8.6. ‘Landlords are responsible for high house prices’

This is one of the most bizarre beliefs, but it is constantly perpetuated. The official, academic studies show that of the last 150% rise in house prices, around 7% is attributable to the private rented sector. According to the ONS, house prices have doubled in this country every seven years since 1948. It sounds incredible, but it is true, regardless of boom or recession, the average has always advanced thus. Since consumer buy-to-let only arrived in 1996, how do you explain the exponential rise over the previous HALF A CENTURY? And since the graph of house price rises continues on the exact same trajectory both pre- and since 1996, it would seem that the private rented sector has had a far less impactful effect on house prices than is often perceived by the public and the editors looking for a sensationalist headline.

8.7. ‘Landlords might destabilize the housing market’

At 19% of the housing stock, and 14% of current mortgage lending, it seems somewhat strange to single out this minority group as the cause of any future instability. Traditionally, landlords have never caused instability, and many of us have factored rate rises into our calculations, as mortgage lenders already do. Most of the long term professionals were trading during the times of 15% rates, and even since 1996 my earliest mortgage rates were 8%. The mortgage lenders have always seen landlords as a safer bet than home owners which is why the lending on these types of business is so popular. What definitely WILL destabilize a relatively secure market is bankrupting or forcing out of business most of the professional operators! A strangely ironic position, don’t you think, considering the government’s claim that this is what they’re trying to avoid?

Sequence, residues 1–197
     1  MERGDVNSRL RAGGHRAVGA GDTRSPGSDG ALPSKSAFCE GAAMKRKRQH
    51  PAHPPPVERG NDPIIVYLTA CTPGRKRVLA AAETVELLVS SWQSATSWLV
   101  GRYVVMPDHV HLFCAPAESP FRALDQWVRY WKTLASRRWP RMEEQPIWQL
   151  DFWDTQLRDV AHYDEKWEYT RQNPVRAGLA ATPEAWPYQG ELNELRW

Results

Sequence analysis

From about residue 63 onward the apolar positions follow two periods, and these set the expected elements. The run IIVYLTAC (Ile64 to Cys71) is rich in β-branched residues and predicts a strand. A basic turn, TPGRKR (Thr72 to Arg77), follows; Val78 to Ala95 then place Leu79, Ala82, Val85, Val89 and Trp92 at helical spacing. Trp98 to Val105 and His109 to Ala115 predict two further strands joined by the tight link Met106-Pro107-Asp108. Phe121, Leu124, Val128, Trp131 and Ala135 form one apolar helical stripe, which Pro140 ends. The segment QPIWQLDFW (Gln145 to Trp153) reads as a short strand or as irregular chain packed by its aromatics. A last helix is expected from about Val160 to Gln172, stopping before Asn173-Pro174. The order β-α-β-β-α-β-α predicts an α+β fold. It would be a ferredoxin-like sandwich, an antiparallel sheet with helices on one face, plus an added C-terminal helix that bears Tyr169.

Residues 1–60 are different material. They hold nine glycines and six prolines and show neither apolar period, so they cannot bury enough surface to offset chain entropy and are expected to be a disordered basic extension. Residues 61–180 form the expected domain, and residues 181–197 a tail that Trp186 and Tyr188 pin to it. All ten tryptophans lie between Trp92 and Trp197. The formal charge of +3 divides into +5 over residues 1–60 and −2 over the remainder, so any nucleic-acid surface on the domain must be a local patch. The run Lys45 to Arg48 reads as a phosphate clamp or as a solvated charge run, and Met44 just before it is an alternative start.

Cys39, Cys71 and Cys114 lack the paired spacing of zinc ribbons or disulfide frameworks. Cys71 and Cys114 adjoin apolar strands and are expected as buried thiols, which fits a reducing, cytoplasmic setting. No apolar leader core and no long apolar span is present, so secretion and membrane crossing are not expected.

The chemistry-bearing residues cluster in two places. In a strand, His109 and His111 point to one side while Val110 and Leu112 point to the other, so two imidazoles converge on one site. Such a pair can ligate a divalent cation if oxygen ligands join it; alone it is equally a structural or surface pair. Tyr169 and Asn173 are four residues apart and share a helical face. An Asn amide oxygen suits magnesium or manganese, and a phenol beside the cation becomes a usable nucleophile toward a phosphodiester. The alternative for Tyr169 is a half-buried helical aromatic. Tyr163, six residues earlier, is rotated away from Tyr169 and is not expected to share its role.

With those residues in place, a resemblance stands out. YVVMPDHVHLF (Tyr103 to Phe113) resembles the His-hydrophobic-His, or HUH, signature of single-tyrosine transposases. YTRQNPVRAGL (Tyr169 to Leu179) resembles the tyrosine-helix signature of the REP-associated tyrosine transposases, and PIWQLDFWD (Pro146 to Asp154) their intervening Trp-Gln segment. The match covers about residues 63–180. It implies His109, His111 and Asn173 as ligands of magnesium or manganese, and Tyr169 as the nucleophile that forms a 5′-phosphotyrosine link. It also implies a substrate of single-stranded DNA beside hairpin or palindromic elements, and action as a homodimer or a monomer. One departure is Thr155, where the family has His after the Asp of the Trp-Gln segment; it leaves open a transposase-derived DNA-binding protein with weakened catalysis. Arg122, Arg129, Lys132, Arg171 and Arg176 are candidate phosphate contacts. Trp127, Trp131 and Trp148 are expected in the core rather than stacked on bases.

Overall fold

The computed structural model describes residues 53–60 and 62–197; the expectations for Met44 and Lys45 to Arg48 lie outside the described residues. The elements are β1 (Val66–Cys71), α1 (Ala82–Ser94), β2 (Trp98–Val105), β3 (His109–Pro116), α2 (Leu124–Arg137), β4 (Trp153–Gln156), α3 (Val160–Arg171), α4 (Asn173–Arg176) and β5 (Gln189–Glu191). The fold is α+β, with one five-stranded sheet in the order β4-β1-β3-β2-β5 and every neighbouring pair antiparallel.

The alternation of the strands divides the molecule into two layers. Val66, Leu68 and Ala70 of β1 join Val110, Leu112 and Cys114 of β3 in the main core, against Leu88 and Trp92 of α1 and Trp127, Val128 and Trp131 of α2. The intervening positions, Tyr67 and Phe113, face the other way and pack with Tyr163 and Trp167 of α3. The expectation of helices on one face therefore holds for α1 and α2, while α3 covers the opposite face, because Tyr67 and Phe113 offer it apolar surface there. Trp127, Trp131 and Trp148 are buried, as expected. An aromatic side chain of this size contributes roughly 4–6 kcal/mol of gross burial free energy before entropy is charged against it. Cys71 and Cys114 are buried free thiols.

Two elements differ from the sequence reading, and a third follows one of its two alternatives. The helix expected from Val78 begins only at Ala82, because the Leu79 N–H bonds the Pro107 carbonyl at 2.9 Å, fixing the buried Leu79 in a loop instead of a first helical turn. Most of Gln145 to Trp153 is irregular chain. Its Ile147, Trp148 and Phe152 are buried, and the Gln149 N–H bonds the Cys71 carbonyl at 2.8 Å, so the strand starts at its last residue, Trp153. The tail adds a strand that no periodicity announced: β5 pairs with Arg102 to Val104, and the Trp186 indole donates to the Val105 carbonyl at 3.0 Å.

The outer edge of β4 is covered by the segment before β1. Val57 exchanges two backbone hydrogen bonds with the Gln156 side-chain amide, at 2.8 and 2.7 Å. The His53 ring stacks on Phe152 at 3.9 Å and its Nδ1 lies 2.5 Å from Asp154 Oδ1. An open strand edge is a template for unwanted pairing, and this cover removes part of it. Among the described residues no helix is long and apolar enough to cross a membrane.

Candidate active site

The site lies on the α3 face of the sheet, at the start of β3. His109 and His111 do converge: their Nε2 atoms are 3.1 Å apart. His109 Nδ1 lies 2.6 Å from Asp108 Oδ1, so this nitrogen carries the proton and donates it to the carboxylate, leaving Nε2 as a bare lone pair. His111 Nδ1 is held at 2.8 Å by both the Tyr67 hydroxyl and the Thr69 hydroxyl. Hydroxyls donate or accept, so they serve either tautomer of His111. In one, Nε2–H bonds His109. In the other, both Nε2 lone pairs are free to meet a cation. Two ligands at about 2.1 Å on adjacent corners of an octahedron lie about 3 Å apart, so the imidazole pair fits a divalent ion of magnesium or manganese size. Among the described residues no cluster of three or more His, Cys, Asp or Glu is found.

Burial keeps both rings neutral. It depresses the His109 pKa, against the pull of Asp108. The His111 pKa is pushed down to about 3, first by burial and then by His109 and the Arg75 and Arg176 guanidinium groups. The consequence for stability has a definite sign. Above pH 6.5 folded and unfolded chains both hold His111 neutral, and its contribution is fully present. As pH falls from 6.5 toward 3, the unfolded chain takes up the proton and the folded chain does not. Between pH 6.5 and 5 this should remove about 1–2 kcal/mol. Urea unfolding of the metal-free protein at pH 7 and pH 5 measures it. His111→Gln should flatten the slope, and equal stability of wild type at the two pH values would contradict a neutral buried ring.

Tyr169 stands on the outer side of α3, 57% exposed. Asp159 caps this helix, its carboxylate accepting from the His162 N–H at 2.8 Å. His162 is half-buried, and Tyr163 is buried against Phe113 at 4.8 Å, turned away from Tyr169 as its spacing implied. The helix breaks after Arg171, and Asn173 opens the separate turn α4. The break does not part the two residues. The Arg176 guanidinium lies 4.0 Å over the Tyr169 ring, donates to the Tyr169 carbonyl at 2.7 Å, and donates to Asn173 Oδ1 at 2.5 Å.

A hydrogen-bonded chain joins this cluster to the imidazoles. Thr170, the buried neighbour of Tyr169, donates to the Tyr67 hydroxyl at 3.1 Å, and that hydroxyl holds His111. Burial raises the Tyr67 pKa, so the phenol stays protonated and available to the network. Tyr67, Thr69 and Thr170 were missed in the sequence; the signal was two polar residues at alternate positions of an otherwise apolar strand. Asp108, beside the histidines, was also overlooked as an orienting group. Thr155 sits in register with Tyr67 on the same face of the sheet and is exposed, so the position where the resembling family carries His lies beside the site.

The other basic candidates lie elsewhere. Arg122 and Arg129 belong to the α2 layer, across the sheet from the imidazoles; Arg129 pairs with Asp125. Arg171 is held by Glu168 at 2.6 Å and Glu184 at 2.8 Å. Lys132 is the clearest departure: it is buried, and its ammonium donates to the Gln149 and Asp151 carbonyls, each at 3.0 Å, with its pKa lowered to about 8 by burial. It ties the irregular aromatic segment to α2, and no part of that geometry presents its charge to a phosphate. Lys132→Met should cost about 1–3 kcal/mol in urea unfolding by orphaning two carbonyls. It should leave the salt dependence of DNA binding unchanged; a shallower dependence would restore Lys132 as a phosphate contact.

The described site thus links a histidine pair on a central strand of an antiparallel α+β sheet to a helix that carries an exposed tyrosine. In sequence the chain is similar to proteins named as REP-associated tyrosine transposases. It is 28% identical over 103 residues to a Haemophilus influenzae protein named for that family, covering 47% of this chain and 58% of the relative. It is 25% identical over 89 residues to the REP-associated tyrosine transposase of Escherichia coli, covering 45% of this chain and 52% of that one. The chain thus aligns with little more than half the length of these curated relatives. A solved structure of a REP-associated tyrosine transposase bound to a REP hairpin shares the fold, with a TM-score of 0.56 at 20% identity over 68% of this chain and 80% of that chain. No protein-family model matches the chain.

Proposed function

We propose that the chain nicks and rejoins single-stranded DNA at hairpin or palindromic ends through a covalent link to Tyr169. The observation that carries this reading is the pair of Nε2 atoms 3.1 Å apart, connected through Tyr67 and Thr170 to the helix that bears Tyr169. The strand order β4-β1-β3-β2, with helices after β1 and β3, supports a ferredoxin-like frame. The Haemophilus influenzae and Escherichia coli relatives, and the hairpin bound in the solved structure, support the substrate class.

8.8. ‘Landlords are greedy and selfish’

Really? Apart from the fact that most make only modest returns – 1-2% net is typical – 21% make no profit at all and use their asset value as a long term savings plan or pension. In my case, my refurbishment costs mean my real return on most properties is a negative figure. Also, the large majority of the landlords I am associated with are far more likely than a Local Authority or Housing Association to offer real, proper help and advice, including writing off debts, lowering rent and assisting tenants with all manner of personal issues. I enjoy housing people, taking an interest in their lives, seeing them grow and prosper. Comments to the contrary are just offensive and ill-informed.


9. Large numbers of landlords are facing bankruptcy. The maths do not lie. It IS that serious and any politician who thinks this is a good idea urgently needs to re-read the facts above.

10. Tenant evictions will gather pace and possibly reach unsustainable proportions. Some landlords have already started on this process. I have already started meeting with my tenants to inform them of their new situation. They are shocked and upset. Where will they go, in a rapidly shrinking market?